Esper Refit 34 – bedding deck fittings with butyl tape

Lots of fiddly jobs this week. That’s what the project is coming down to now, a collection of odd jobs, all interconnected in some way, and typically all held up by the late arrival of a vital material. This week we also play with butyl tape.

Weekly Video Round-Up

Bits and pieces, including Mey’s polished stanchion bases and a lesson in how to bed deck fittings with butyl tape.

Bedding Deck Fittings With Butyl Tape

Last week we showed you the butyl tape we plan to bed our deck fittings with. This week we have a go at installing our stay-sail track. It’s fiddly but pretty straightforward, once you’ve got your head around counter-sinking the bolt holes. Unfortunately I don’t have any photographs of the procedure so I’ll take some on the next job. In the meantime there’s a good piece on it in this week’s video clip.

Mey’s Back

The good news was Mey returned for five days. She’s become quite an expert polisher, with our cheap angle-grinder clamped to a block of wood, polishing disk attached. The stanchions and bases have come up a treat.

Stainless steel 316 polished stanchion

Mey is also cleaning up the portlights, removing them of old sealant and giving them a general clean. I’m surprised some of those windows remained waterproof, such was the degradation of the old sealant.

Mey cleans up the portlights

More window action

A couple of the windows needed resealing so we removed the old sealant, cleaned them down with acetone, and then used Sikaflex 295 to reseal.

Resealing hatches and portlights with Sikaflex 295

We’ve also taped up around the portlights in anticipation for their sealant. As with all the fittings I’m fitting them all first to make sure we have the correct number of bolts and that all random holes in the deck have been filled with one fitting or another! Once we’ve done that, and once I receive my shipment of white butyl tape, we’ll start bedding them down.

Using 3M tape around the portlights

Filling corrosion in aluminium cavities

One problem I’ve noticed with aluminium is corrosion in areas that are normally covered. I guess this is a form of crevice corrosion though I’m not familiar with the metallurgical reaction that’s occurring. If anyone can tell me if it’s the same as stainless being deprived of oxygen, please let me know. Anyway, I took it upon myself to fill said corrosion with epoxy mixed with microballoons. After it’d dried I sanded it back and it seems to have done the trick (though what little anodisation was left may have been removed in the process).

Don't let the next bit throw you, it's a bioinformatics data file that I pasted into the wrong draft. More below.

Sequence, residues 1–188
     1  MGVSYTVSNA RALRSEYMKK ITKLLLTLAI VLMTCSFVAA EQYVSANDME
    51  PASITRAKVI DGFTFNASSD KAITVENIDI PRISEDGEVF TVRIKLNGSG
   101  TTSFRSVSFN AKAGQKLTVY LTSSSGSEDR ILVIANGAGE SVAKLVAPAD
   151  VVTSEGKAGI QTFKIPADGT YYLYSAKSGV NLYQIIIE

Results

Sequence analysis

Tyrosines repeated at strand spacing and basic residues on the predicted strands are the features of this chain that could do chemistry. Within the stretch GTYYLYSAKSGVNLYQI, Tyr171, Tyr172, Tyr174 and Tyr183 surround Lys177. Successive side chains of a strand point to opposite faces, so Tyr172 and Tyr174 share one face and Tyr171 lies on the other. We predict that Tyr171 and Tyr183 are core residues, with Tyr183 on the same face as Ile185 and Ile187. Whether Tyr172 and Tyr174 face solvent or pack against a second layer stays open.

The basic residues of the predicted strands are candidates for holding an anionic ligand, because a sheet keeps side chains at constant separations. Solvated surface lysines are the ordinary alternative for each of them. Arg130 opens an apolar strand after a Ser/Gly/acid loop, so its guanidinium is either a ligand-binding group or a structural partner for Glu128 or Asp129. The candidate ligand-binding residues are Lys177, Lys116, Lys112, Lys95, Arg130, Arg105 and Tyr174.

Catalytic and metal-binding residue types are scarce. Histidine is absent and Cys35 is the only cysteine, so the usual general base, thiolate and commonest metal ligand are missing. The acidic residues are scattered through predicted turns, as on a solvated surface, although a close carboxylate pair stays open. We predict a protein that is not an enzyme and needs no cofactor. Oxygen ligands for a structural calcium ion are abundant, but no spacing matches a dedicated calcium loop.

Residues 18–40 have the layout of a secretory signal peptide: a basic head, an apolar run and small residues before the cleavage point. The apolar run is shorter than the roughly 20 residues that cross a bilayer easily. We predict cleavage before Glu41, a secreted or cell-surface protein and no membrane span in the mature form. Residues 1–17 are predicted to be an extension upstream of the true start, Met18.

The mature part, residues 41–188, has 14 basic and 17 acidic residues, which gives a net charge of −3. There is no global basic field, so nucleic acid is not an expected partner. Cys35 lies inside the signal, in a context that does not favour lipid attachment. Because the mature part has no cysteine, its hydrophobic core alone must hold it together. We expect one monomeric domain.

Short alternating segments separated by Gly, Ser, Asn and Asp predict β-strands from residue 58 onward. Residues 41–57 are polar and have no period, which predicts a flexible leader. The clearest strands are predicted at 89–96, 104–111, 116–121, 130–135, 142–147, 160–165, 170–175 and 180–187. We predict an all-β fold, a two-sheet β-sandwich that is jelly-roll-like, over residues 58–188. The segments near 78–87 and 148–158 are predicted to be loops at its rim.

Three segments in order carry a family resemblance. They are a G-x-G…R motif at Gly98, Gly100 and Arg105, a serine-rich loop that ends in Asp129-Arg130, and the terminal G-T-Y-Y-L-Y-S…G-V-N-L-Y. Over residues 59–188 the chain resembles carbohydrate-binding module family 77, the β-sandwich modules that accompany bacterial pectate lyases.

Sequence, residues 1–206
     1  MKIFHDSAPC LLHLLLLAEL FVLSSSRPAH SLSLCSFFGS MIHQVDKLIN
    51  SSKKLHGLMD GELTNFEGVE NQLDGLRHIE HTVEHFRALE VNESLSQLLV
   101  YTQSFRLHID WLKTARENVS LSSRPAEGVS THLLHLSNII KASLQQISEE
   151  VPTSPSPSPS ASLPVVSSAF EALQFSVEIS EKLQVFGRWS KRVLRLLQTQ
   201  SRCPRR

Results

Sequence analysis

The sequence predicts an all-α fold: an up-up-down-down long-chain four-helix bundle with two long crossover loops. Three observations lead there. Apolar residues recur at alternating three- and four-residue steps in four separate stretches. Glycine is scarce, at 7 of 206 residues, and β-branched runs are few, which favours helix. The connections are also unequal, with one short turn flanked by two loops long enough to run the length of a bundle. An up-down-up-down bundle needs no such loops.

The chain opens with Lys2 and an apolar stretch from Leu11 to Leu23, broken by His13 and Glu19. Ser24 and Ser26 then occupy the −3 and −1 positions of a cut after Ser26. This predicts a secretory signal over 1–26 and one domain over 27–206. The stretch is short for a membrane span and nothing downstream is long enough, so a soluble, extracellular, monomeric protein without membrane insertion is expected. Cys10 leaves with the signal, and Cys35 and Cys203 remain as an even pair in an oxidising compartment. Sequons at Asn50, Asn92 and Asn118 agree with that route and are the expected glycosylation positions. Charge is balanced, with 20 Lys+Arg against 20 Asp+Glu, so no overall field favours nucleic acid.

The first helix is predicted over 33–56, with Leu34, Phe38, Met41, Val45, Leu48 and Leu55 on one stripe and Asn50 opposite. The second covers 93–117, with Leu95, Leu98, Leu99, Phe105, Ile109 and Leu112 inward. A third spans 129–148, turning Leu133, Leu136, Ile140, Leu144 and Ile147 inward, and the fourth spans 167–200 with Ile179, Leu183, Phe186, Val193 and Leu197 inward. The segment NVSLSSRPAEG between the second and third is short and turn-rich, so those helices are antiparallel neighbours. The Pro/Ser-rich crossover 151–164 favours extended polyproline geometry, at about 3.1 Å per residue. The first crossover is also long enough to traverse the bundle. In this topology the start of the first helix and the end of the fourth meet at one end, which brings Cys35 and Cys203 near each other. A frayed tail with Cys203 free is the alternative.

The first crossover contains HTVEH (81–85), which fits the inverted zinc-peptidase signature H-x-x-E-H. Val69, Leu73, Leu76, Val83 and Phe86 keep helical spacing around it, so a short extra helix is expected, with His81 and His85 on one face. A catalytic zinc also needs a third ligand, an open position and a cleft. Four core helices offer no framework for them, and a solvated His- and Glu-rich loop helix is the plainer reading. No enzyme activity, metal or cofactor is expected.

Aluminium crevice corrosion filled with epoxy glue and micro balloons

Saying goodbye to Tui

With the project coming to an end (although where the light at the end of the tunnel is, I’ve no idea), it’s time to lay off some workers. I was struggling to find work for the two remaining carpenters so this week we said goodbye to Tui. It was a little sad really since he’s been a part of the team right from the start. We’ve had some laughs and he’s been a great worker. On his last day he stayed behind for a quick drink and I chatted to him (using Julie as our interpreter) to understand a bit more about his caged birds he brings in every day.

Tui (left) holds up his singing bird

There’s a little bit of this at the end of the video clip. I’m hoping to make it down to one of the competitions and understand a little bit more about this intriguing, albeit cruel, past-time (I dislike caged birds).

Saying goodbye to other yachties

Pictyured below is Phil of Big Bandicoot, and Kerry and Lynette of Fayaway. Here they are on a drizzly morning saying goodbye to Southern Wing.

Saying Goodbye to Southern Wing

Saying Goodbye to Southern Wing

Shortly after their departure Kerry and Lynette were dropped into the water. These guys have been in the yard for a few months and were our neighbours for a while too. Here’s Julie seeing them off at the slip.

Julie saying goodbye to Fayaway

More Pics

Here’s a couple more from my Boatyard photography project. The irony in this first image would be better understood if you were familiar with Mr Gon’s ambitious work ethic:

Mr Gon of PSS Boatyard

And here’s two of the girls working in the supply shop. An on-going sub-project is to try and capture either of them not laughing.

Muslim girls working at PSS Boatyard supply shop

What’s Next?

More of the same with a reduced work-force.





6 Comments on “Esper Refit 34 – bedding deck fittings with butyl tape”

  1. Hola, Jamie, I wonder what your plans are once all this is over, Esper is at the ready and you and Liz are together again!!!

  2. Yo Jim-Jam,

    Hope you’re feeling better and not too lonely. You’re never too far from our thoughts. All is groovy here.

    Love,

    G

  3. Hi Jamie

    Be careful with the use of Butyl tape it remains flexible but it doesn’t return to its original width when compressed.

    All the best Steve.

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